Mere Refinement of the State Action Doctrine Will Not Work

DePaul Business & Commercial Law Journal, Vol. 5, No. 1, pp. 105-157, 2006

U. of St. Gallen Law & Economics Working Paper No. 2010-03

78 Pages Posted: 8 Mar 2010

See all articles by Peter Hettich

Peter Hettich

University of St. Gallen; University of Basel

Date Written: December 1, 2006


By proclaiming the State Action Doctrine, the Supreme Court aims to preserve the states' rights to enact economic regulation which conflict with the federal antitrust laws. The doctrine exempts regulated private parties from antitrust enforcement when they are insulated by the State. Without granting the exemption, private parties would have to decide between obeying anticompetitive state regulation and complying with federal antitrust laws, risking punishment either way. The doctrine provides a test to determine whether to grant the immunity. Far from being settled, the test is battled heavily all the way up to the Supreme Court. In Ticor, Justice Scalia expressed skepticism whether an "exemption for state-programmed private collusion" is justified at all. Other Justices have been more favorable towards state and local regulation of commerce. Beside this more philosophical clash about the proper scope of regulation, it is generally acknowledged that the doctrine bears inherent flaws and provides little guidance. Justice O'Connor has already pointed out that it is unfair to punish regulated parties with treble damages for their compliance with anticompetitive state regulation.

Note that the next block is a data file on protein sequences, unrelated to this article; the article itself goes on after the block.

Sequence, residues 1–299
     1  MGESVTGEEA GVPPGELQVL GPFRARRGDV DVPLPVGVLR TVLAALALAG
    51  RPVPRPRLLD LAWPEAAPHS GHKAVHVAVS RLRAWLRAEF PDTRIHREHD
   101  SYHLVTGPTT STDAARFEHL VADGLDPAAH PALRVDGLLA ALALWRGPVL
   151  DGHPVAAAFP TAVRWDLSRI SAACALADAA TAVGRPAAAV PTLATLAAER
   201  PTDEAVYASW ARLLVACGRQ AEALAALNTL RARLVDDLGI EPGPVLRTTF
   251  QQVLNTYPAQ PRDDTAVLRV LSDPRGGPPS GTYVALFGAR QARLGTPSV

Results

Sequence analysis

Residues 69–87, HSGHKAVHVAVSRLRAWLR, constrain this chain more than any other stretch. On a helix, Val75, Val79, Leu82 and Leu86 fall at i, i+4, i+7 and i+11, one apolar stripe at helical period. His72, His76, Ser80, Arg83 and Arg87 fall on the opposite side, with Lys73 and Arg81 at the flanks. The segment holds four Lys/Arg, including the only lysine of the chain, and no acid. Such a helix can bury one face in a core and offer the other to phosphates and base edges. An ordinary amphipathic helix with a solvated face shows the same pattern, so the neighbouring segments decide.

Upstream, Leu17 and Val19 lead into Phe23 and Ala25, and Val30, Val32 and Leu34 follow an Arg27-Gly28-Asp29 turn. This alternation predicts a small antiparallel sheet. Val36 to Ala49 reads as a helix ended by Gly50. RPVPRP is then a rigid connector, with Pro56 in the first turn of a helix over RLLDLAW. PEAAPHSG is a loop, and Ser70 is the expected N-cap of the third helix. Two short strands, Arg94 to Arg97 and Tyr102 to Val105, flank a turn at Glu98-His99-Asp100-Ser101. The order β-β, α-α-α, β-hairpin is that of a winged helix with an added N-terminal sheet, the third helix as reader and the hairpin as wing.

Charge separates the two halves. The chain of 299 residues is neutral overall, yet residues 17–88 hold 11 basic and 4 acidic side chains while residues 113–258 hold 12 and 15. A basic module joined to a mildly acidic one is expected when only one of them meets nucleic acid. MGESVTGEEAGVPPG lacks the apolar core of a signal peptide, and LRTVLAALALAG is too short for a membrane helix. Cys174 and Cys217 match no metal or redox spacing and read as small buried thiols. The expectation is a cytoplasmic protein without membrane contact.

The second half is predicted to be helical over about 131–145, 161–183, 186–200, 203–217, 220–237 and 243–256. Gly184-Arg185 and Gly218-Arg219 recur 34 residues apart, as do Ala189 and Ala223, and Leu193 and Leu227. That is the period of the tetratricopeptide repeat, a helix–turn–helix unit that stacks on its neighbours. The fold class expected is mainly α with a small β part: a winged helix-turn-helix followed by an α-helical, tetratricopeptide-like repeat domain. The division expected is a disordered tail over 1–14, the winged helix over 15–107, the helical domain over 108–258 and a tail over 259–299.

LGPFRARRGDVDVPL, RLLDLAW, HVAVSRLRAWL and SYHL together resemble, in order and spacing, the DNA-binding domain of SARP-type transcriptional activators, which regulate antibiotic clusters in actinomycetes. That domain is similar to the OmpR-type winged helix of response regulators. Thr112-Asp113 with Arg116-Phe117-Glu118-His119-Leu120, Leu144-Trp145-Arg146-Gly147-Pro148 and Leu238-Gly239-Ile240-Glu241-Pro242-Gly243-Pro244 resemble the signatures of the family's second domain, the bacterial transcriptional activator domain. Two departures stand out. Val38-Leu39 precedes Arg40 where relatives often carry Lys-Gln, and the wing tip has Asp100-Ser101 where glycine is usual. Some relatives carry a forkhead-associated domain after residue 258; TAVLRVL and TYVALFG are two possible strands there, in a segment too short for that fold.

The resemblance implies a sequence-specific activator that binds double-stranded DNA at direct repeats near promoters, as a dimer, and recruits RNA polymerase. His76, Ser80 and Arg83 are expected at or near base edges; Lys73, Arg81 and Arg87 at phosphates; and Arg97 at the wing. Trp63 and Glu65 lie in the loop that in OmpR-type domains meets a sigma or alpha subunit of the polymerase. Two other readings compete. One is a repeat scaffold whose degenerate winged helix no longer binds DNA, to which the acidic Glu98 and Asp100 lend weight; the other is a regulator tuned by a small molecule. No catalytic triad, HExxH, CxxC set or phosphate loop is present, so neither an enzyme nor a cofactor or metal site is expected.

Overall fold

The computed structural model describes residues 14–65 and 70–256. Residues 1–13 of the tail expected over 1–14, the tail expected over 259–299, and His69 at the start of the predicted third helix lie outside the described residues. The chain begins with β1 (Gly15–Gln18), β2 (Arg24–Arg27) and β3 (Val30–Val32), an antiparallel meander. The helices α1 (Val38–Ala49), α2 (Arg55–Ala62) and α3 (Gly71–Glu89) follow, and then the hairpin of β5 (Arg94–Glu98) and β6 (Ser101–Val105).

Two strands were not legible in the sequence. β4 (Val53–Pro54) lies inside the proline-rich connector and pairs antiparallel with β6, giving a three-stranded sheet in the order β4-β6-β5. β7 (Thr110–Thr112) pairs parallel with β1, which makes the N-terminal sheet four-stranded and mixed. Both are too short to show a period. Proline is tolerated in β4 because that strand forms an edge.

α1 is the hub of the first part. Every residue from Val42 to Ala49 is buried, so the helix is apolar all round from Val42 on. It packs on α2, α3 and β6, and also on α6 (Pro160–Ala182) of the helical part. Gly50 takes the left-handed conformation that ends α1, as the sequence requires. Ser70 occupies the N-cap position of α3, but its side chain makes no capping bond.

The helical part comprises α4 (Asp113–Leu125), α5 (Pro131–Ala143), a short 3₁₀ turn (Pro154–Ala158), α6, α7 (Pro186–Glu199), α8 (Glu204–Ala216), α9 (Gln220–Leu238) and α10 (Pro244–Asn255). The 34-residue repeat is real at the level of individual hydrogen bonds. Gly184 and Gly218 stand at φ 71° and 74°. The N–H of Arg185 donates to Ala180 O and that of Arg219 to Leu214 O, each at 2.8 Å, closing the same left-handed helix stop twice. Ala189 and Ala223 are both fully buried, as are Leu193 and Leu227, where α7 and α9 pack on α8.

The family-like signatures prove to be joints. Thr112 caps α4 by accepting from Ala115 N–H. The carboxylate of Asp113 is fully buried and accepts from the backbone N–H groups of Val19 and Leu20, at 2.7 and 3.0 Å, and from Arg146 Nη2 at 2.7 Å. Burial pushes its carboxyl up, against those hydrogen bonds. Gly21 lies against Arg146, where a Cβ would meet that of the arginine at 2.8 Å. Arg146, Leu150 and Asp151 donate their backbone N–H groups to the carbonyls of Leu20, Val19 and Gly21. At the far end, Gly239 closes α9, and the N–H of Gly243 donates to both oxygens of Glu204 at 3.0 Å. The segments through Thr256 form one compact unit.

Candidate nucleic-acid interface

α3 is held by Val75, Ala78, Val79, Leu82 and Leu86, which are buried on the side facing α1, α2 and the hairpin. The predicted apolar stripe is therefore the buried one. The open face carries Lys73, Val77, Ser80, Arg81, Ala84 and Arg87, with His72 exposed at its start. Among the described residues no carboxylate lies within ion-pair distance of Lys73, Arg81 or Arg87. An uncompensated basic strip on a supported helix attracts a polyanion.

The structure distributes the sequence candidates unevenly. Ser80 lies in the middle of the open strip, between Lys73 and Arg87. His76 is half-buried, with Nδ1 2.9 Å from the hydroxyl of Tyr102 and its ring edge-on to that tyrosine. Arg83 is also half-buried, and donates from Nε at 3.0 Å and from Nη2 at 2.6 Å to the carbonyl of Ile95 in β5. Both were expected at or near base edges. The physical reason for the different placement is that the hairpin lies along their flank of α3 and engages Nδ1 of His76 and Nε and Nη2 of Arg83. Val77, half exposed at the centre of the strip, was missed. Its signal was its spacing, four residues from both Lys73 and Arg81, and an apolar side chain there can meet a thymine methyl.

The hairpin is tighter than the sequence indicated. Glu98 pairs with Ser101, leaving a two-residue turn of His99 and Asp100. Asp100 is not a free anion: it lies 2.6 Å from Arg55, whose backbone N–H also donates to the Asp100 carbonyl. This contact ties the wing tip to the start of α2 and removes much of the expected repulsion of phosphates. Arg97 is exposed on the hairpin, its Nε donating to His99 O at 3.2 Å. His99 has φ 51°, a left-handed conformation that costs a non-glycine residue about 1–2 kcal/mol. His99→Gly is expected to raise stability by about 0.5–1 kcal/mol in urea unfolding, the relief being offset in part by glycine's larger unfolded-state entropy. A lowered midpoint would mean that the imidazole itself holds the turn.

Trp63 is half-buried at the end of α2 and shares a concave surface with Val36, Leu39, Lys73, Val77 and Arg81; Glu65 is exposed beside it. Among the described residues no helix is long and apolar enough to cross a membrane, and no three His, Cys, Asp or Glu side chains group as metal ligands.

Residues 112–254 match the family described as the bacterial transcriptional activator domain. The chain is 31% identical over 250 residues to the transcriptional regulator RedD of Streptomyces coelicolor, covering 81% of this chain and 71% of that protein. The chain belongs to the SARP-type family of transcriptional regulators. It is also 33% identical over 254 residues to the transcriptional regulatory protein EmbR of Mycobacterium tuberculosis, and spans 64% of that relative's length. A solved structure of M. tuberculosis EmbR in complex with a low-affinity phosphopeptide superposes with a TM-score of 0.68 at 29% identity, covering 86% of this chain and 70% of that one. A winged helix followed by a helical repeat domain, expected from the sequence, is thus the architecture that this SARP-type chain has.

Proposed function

The State Action Task Force of the FTC acknowledges the inherent flaws of the State Action Doctrine, as do most scholars. However, all proposals made so far aim to clarify and refine the State Action Doctrine. The current proposals have their merits, but they will only mitigate the problems associated with the State Action Doctrine. The present standard requires a "clearly articulated state policy" and "active supervision" for immunity; these are purely procedural requirements. In this essay, I propose to include institutional and substantive changes to the State Action Doctrine. From an institutional perspective, the courts should reaffirm the FTC's mandate to preserve public policy; the FTC is best suited to defend the federal interest in unfettered competition. From a substantive point of view, the courts have to reengage in a moderate review of the reasonableness of state regulation. I do not ask for a revival of the Lochner era; however, the competitive process needs at least minimal protection against arbitrary state regulation.

Keywords: State Action, Antitrust, Regulation

JEL Classification: L43, K21, H7

Suggested Citation

Hettich, Peter, Mere Refinement of the State Action Doctrine Will Not Work (December 1, 2006). DePaul Business & Commercial Law Journal, Vol. 5, No. 1, pp. 105-157, 2006, U. of St. Gallen Law & Economics Working Paper No. 2010-03, Available at SSRN:

Peter Hettich (Contact Author)

University of St. Gallen ( email )

Rosenbergstr. 51
St. Gallen, CH-9010


University of Basel ( email )


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